Mental health charity Isle Listen is putting on a special showing of the Pixar classic Inside Out at Broadway cinema. The film is rated U which the charity says means it ‘is a great way to help children to learn about emotions in a visual way and is very relatable to everyday life.’ You can buy tickets for the film, which cost £5 for both children and adults, on the villa gaiety website or by clicking here.
The island’s schools will consider trialling new schemes of work to expand teaching on race and ethnic minority themes in the next academic year from September. The schemes would be aimed at raising pupil’s awareness and understanding of ethnic minority themes in history, arts and the wider society. The news comes after over 600 people responded to a gov survey in December on the topic, with 40% saying they had experienced or witnessed racism ‘regularly or fairly regularly’ on the island. 64% of those who filled out the survey said the current curriculum should be adapted ‘with regards to ethnic minority people, their history, culture and customs.’ Three-quarters of respondents said all children, regardless of age, should be taught about racial awareness and 70% called for more ethnic minority speakers. The suggestions have been considered by a working party including teaching professionals and groups like POC IOM, MNH, the One World Centre, the Hardy Commission and Culture Vannin.
The staff of Zurich International have been raising funds for ‘VaccinAid’ with a series of events including their Noble’s Park Parkrun takeover, bake sales, auctions and more. The campaign, which delivers Covid-19 vaccines, tests and treatments to vulnerable people around the world, is led by UNICEF UK and Crowdfunder and has delivered 80,400 doses through the donations from Zurich and the Z Zurich Foundation. Serena Wood, Isle of Man Community Champion for the Z Zurich Foundation, said: “All the funds we raised have been matched by the Z Zurich Foundation. While we’re all very proud of this incredible achievement the campaign does not end here. Across Zurich’s business units, and from Zurich employees to distribution partners, customers and the general public, we’ve seen the start of a global movement to help end this global pandemic. No one is safe until everyone is safe, so we’re continuing to encourage donations which can be made by clicking here.”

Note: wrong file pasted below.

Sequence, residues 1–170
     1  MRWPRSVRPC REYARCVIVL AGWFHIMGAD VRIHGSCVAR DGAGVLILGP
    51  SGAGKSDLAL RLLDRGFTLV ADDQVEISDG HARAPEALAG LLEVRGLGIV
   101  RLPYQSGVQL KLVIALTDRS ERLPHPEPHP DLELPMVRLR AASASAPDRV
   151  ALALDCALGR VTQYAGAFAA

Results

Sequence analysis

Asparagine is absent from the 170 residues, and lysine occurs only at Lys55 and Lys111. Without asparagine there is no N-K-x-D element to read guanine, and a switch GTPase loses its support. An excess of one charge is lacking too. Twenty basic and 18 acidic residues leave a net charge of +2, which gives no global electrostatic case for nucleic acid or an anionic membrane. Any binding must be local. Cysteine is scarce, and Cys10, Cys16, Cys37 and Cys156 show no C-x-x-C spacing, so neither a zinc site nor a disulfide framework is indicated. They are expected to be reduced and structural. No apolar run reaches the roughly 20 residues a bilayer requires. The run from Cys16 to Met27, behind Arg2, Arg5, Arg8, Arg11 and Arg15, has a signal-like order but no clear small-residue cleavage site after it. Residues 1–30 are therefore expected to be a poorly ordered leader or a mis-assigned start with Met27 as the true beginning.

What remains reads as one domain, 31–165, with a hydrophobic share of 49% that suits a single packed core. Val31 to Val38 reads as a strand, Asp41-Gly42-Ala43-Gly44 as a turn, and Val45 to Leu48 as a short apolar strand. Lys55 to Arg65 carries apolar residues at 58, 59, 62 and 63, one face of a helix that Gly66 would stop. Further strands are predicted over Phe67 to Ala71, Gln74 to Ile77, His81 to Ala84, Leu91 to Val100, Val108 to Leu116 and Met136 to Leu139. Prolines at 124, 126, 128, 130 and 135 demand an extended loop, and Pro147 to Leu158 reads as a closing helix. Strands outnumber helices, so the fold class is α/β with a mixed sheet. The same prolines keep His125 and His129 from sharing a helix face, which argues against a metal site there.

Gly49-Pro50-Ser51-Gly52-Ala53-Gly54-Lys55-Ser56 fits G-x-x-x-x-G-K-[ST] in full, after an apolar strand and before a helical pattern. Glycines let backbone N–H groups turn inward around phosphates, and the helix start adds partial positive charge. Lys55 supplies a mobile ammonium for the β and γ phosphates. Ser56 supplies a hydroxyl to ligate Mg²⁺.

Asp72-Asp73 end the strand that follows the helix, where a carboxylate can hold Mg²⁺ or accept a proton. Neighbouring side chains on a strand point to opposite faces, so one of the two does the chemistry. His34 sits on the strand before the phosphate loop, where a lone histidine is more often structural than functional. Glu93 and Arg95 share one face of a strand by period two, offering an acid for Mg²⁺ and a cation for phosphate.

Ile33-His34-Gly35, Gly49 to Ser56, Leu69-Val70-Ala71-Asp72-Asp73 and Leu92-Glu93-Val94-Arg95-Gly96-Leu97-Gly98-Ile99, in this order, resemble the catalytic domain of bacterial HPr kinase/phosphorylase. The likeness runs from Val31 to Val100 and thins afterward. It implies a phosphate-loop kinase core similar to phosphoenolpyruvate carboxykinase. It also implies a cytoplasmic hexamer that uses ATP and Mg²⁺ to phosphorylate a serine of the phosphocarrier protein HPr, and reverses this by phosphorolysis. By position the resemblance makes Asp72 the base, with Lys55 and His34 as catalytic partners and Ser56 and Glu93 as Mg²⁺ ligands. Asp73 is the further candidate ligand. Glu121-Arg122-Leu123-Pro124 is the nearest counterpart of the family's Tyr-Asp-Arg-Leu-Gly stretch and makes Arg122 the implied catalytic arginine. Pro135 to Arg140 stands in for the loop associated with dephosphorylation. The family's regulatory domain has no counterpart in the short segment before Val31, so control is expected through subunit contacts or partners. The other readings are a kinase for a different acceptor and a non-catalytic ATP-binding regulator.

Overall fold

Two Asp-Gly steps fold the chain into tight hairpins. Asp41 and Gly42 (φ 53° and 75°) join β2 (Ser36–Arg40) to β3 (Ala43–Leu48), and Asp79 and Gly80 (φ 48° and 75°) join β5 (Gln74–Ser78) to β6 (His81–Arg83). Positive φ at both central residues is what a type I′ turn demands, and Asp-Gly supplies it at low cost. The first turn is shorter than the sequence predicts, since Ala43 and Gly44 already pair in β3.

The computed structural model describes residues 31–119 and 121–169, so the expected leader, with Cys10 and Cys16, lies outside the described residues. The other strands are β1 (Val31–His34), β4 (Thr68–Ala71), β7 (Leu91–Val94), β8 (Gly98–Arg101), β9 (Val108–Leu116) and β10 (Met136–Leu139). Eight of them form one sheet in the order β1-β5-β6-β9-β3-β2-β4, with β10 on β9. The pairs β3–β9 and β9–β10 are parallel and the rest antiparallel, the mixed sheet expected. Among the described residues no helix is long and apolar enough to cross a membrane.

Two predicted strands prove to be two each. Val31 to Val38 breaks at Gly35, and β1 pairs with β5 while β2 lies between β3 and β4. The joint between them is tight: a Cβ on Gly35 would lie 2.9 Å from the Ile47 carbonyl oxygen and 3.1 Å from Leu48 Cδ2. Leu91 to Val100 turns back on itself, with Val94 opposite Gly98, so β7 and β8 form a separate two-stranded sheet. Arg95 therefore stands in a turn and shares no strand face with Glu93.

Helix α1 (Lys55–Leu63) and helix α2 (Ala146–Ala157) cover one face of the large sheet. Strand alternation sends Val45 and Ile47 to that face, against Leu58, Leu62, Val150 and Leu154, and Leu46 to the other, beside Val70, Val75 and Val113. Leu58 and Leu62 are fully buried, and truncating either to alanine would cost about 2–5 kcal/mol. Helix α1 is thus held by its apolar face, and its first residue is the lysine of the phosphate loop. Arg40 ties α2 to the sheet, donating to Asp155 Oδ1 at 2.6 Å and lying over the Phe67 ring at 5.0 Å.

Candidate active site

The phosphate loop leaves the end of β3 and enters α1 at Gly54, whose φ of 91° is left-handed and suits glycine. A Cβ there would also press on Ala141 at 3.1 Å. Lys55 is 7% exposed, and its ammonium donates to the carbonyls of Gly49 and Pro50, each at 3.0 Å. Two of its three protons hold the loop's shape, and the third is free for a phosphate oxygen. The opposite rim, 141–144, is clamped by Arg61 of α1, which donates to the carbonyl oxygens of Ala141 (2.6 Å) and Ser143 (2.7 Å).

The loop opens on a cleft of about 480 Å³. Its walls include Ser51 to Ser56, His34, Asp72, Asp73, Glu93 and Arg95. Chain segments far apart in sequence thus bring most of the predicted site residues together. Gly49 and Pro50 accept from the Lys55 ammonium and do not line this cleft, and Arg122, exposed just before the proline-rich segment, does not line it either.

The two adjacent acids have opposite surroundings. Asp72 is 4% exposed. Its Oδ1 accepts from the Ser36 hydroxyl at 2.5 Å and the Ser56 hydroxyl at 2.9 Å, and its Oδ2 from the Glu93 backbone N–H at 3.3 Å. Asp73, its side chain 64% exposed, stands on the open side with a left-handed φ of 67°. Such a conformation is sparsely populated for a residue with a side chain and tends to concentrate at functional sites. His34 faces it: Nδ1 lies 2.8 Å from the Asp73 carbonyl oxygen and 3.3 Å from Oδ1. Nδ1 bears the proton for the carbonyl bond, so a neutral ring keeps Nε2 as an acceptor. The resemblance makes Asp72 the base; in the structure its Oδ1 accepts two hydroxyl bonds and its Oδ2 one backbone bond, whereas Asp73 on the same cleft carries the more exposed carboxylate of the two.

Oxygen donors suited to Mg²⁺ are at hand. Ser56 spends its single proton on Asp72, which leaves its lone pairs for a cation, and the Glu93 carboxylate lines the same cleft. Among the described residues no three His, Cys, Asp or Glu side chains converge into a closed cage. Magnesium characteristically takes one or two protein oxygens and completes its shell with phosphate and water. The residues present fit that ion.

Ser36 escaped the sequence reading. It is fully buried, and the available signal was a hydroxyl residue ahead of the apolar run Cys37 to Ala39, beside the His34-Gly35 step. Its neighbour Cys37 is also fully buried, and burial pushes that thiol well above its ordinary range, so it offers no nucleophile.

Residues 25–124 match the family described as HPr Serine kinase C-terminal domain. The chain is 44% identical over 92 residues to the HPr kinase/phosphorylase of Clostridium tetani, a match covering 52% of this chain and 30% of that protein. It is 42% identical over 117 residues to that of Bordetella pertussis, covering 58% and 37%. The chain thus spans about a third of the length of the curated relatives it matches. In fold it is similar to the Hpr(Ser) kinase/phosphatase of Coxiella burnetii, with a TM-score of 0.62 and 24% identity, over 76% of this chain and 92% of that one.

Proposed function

Activist Malala Yousafzai has called for countries to open their borders to Afghan refugees as many attempt to flee the country, which is now largely under Taliban rule. In a tweet, she said: ‘We watch in complete shock as Taliban takes control of Afghanistan. I am deeply worried about women, minorities and human rights advocates.’ The Noble peace laureate, who was shot in the head by Taliban gunmen in Pakistan for her activism around women’s rights and education before going on to address the UN, also spoke to the BBC, she said: ‘I think every country has a role and responsibility right now. Countries need to open their borders to Afghan refugees, to the displaced people.’ She also called on the world’s leaders to take ‘a bold stance for the protection of human rights’ saying: ‘It is important, not just for peace in Afghanistan, but for peace globally.’
New Zealand Prime Minister Jacinda Ardern has announced a snap lockdown after the country’s first new Covid case in six months was discovered in Auckland. The lockdown will see the closure of schools, offices, and all businesses, aside from those deemed to provide essential services. Data released by the Ministry of Health showed that all cases detected at their border were of the Delta variant and authorities are working on the basis that this new case is of that type. Only around 20% of the country have been fully vaccinated after a slow rollout and the Oceanic nation will remain in lockdown for three days, whilst Auckland and Coromandel, a coastal town the infected man had visited, will remain closed for a week.
Financial services company Mastercard, which is the second most popular card network in the world, will stop issuing new debit and credit cards with a magnetic strip by 2033, with banks in many regions including Europe issuing the cards by 2024. The chip and pin system has been used for all card payments in the UK since 2006 but swiping your card, which was invented in the 1960s, is still the choice for some in the US. The company says that chip and pin and their new biometric, fingerprint cards are more secure and claim to be the first payment network to phase out the magnetic strip. A Barclaycard survey in 2020 found that 88.6% of all card payments in the UK were done through a contactless system.
Maki Kaji, who was known to many as the ‘Godfather of Sudoku’, after giving the puzzle its name, has died at the age of 69 from bile duct cancer. Kaji published the first Sudoku, as we know it, in his Nikoli puzzle magazine in the 80s, after wanting to simplify the ‘Number Place’ name given by US architect Howard Garns. Kaji sought to come up with a Japanese name and landed on Suuji wa dokushin ni kagiru meaning ‘numbers should be single’, though after being pushed for a shorter name he came up with Sudoku, ‘in about 25 seconds.’ Though the true origins of the puzzle are not known, it is thought to have come to the Arab world from China in the 8th or 9th century, though some credit Euler, a Swiss mathematician, as its true creator.